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Thread: 1/32 model train car mold procedure

  1. #31
    Paul Jones's Avatar
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    Bob,
    Thank you for the all the details and especially the hints about what might go wrong. The whole process has been very interesting and universal for other types of model procedures for model work. I am interested in seeing more about your 'Gauge One' models scaled at 1:32.
    Regards,
    Paul

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    Thanks for your comments Paul. I spend more time building molds than I do making parts, so sometimes, even when I know my procedures, I forget some important steps, such as making sure that the resin, when pouring, gets into the small nooks and crannies. That is the nice thing about a mold, you can always make another part. I have made molds for smooth side, and fluted Pullman Standard passenger cars, including a boat-tailed observation, a dome car, an eF-7, a and b, an E-8, a and b EMD locomotive, working diaphragms, and now the heavyweight car. Bob.

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    I mentioned in a previous post that a couple of bolt heads didn't come out because of bubbles, well the nice thing about using real bolts and rivets in the pattern is that I can grind the heads off, drill a hole and replace with a bolt or rivet, so the first side frames are saved. Bob.

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    Paul Jones (06-11-2016)

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    Here is the roof mold about to be poured. Also continuing on the truck, making attach brackets for attaching truck sides. There will be a second mold to make these. Bo1/32 model train car mold procedure-img_0520.jpg1/32 model train car mold procedure-img_0521.jpg

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    More truck

    Here is the way I will attach the two sides together. The square piece lying on the spring bar will be bolted on each side with two bolts. Shortly I will make the second part of the mold to add these cross bars. Just the spring holders, bearing boxes, some brakes and the bolster bar and It's pretty much done.1/32 model train car mold procedure-img_0521.jpg1/32 model train car mold procedure-img_0522.jpg1/32 model train car mold procedure-img_0523.jpg

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    Here is the setup for the second part of the mold for the truck, waxed, sealed, and sprayed with 2300 mold release. Bob.1/32 model train car mold procedure-img_0524.jpg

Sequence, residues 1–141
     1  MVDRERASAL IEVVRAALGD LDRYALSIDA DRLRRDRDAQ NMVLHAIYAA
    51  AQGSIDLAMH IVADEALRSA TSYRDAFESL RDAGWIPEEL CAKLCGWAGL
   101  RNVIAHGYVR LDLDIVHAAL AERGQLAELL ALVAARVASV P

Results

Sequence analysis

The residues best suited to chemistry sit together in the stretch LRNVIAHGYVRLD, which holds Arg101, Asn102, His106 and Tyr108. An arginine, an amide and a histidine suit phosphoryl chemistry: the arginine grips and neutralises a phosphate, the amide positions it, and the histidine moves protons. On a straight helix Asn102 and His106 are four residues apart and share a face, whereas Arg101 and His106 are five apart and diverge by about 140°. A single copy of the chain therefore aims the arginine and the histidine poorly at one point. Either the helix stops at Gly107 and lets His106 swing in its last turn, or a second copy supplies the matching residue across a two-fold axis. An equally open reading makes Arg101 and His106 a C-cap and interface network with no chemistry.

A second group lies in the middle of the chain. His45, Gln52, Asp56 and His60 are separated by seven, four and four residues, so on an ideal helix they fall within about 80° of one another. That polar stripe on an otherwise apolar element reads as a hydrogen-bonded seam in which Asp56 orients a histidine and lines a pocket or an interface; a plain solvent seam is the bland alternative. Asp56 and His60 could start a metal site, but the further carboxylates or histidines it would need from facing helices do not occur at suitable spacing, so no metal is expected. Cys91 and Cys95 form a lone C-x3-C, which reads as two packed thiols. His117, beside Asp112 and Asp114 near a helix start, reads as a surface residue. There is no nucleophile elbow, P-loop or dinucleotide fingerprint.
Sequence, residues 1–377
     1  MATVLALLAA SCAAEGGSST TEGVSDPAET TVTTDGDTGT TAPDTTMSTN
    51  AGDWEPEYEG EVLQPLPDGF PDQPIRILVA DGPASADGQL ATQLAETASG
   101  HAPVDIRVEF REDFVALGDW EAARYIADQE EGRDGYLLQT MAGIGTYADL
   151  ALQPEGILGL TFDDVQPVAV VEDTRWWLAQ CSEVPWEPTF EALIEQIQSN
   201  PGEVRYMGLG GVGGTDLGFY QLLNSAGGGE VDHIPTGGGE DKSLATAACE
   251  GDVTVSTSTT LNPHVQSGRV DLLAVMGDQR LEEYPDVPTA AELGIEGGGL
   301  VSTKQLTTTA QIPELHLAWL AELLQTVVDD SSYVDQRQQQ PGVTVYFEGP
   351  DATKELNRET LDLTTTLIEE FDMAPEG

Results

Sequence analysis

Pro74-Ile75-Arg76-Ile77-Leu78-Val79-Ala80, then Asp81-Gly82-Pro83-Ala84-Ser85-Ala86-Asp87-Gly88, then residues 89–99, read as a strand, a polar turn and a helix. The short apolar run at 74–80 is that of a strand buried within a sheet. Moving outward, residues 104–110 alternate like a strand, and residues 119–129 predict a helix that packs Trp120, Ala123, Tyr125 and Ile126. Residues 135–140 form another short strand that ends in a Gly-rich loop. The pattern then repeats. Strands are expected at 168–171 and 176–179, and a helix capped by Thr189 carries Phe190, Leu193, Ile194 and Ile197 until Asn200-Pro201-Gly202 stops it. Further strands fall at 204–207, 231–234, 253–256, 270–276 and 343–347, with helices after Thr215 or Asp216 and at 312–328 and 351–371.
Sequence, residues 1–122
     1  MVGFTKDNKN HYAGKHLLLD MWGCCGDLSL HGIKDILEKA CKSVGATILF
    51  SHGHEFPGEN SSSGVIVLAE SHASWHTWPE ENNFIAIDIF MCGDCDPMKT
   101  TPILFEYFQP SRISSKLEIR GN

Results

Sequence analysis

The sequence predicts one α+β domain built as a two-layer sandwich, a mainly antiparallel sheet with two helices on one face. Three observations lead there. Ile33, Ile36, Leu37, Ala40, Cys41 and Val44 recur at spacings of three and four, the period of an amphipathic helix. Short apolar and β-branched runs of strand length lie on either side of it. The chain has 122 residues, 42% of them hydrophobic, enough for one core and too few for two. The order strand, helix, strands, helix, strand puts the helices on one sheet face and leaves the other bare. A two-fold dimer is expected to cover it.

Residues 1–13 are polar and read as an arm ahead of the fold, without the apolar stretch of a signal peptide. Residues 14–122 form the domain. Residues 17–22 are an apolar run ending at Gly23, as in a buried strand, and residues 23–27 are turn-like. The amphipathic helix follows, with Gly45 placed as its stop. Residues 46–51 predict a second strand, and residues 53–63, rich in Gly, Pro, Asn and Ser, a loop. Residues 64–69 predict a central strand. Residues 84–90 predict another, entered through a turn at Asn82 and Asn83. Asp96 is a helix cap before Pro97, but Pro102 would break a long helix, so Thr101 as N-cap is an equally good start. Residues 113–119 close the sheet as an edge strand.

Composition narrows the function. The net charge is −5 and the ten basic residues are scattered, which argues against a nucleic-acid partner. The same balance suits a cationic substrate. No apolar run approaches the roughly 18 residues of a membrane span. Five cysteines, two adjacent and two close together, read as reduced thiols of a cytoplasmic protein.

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    The upper part of the mold came out good and you are probably wondering how I get the plastic to flow into the upper mold, well there is a hole, so when I pour the first part, I install the upper mold and fill with plastic through the hole. Bob.1/32 model train car mold procedure-img_0525.jpg

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    The first part of the roof mold came out good and now I am preparing for the upper part of the mold. Bob.1/32 model train car mold procedure-img_0528.jpg

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    Thanks Paul. While pouring the sides, I noticed that since the plastic sets so fast, it doesn't allow the top part of the mold to seat properly. I think one reason for that is that it is restricted by the fit of the mold, nowhere for the plastic to go, so won't allow the weight to push it down. So, as you can see in the picture I have added vents or sprues to allow the plastic to go somewhere and relieve pressure and allow the top part of the mold to seat. If, after trying it this way, there is too much relief, I can always put some clay in the vents to restrict it some. I will know if this works either today or tomorrow, when I pour it. Bob.1/32 model train car mold procedure-img_0529.jpg

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    This is the last part of the large molds, as the rest are small stuff. I will be pouring the top of the roof mold tomorrow morning when it is cooler. The ladder that you see in the photo is to keep the top mold from sagging, it will be a part of the mold. The side parts of the ladder will be removed after the mold sets up, so the mold will actually bend longitudinally. This urethane is heavy, so this keeps the mold in the proper position. In the case of the side mold, the window portions of the mold contact each other, so no rigidity is needed. If anyone has any questions or comments , feel free. Bob.1/32 model train car mold procedure-img_0530.jpg

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